Shocking new analysis has revealed just how far from “fit for purpose” Australia’s hotel quarantine system really is.
Researchers from the University of Melbourne have found that for every 204 Covid-19 infected travellers that have undergone their mandatory quarantine in Australia there has been one leak.
There have been 21 “failures” in Australia’s hotel quarantine system between April 2020 and June 2021, including eight in NSW, five in Victoria, three in Queensland, three in Western Australia, and two in South Australia.
Many have prompted snap, or extended lockdowns in major cities.
The findings, published in an article for The Conversation, comes as Victoria enters its second week of lockdown, after the virus leaked from an Adelaide hotel into the Melbourne community.
Researchers estimate the current outbreak in Victoria could have economic impacts to the tune of $1b.
That amount of money, they say, could have built two or more dedicated new facilities that could better protect the country.
Driss Ait Ouakrim, Ameera Katar and Tony Blakely from the University of Melbourne have questioned whether the current hotel-based quarantine system is as “fit for purpose” as federal government officials say it is.
They have argued that it is not, in fact, “serving Australia very well”.
The researchers analysed outbreaks from hotels in Australia and New Zealand, and found there were 4.9 failures per 1000 SARS-CoV-2 positive cases in quarantine – or one failure per 204 infected travellers.
“Since April 2020, on average 305 infected travellers arrived in Australia each month, so that is 1.5 expected outbreaks per month,” the researchers said.
“This doesn’t sound like a system that is 99.99 per cent effective.
The trio warned that Australia’s quarantine system was supposed to be “our first and most important line of defence against COVID-19”.
“If it’s not improved, the risk of outbreaks will increase,” they said.
In order to improve the system, the researchers say travel needs to be capped or “temporarily suspended” from high risk areas and that adequate, purpose-built quarantine facilities should be established.
“Every state and territory should be equipped with Howard Spring-style facilities, with outdoor facing cabins with tree-flowing air,” they said.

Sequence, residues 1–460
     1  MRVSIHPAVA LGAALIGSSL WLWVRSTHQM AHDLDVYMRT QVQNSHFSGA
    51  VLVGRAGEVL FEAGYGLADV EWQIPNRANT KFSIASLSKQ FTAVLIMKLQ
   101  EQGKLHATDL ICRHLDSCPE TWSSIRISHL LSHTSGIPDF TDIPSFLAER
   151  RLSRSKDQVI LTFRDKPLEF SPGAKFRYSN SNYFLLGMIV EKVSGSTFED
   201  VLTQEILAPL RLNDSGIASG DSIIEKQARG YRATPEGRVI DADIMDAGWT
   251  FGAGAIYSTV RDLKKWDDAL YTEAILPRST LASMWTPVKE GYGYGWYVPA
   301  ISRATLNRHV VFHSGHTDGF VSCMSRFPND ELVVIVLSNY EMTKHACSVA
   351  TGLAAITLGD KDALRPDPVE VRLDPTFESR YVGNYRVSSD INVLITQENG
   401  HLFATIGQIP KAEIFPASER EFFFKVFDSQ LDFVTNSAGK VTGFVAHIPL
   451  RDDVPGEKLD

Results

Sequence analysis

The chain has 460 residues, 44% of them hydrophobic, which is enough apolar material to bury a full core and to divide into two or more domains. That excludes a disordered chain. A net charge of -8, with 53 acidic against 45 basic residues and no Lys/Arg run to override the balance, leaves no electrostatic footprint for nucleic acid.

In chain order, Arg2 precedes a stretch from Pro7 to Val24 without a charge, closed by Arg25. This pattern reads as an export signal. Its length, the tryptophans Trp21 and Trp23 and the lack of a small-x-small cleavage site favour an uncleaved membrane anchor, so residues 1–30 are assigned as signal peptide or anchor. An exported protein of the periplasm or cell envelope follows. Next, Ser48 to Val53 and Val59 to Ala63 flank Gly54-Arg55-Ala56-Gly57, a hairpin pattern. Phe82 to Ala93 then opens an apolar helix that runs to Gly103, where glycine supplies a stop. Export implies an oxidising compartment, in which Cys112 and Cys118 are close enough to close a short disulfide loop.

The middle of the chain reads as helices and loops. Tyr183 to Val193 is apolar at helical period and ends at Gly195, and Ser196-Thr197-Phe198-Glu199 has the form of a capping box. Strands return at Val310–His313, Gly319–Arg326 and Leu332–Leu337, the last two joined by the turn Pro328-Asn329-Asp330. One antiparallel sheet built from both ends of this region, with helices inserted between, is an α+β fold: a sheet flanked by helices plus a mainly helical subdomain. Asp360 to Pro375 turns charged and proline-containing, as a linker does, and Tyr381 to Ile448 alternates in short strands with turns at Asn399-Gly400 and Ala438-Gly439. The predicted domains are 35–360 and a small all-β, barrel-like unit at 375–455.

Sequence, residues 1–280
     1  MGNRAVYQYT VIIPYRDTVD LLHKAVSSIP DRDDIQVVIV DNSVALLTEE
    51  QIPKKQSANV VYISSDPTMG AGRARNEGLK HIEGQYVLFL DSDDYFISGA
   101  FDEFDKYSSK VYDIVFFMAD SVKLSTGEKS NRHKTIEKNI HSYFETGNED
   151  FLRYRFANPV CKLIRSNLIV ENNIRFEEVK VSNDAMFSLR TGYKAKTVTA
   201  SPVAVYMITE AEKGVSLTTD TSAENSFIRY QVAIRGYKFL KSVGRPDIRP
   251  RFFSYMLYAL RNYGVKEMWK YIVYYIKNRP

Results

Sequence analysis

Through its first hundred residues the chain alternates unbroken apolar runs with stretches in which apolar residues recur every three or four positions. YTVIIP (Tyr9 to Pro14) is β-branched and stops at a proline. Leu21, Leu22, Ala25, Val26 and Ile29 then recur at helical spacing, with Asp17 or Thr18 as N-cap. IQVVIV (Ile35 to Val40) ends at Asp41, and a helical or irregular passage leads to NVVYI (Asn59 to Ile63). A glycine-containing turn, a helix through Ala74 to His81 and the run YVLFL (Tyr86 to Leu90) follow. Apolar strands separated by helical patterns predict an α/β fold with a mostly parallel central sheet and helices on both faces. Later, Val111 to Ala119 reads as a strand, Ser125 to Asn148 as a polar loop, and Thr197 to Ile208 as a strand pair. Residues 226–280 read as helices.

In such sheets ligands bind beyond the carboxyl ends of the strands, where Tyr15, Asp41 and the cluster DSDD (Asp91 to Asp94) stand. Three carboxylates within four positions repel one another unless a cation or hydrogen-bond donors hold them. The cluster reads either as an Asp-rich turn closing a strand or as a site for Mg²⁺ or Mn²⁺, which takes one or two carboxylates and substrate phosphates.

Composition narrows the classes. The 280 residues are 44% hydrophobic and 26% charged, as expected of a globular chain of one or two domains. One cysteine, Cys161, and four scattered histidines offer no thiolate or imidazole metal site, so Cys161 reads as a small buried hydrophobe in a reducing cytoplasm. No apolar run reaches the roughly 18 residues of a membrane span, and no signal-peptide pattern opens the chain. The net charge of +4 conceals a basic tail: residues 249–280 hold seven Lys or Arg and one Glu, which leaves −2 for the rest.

“These facilities could be used in priority for travellers coming from high-risk countries.
“This won’t reduce the risk of leaks to zero, although we have not yet seen any leakage out of Howard Springs.”
The Victorian government recently announced a project to build a 3000 bed facility for returning travellers, which the federal government has supported.
The Queensland government has been engaged in an ongoing tit-for-tat with the Morrison government for months over plans to build a dedicated facility 90 minutes west of Brisbane, while the WA Premier has proposed using Christmas Island to house returned travellers.
Speaking to ABC Radio on Thursday morning, Queensland Premier Annastacia Palaszczuk said there was a push from almost all states for regional quarantine.
“Our hotels are not meant to stop infectious diseases,” she said.
“The federal government has had over a year to establish dedicated facilities.
“Howard Springs works well, and I commend them for that.
“(These proposed facilities) would allow the east coast to open up quickly and we would not have lockdowns.”
Ms Palaszczuk and her government say the proposal for a quarantine facility in Toowoomba remains on the table, but is continuing to pressure the Prime Minister to allow flights to land in the regional city.
“Our officials are working continuously on this. No one has stopped talking her, it’s still active,” she said.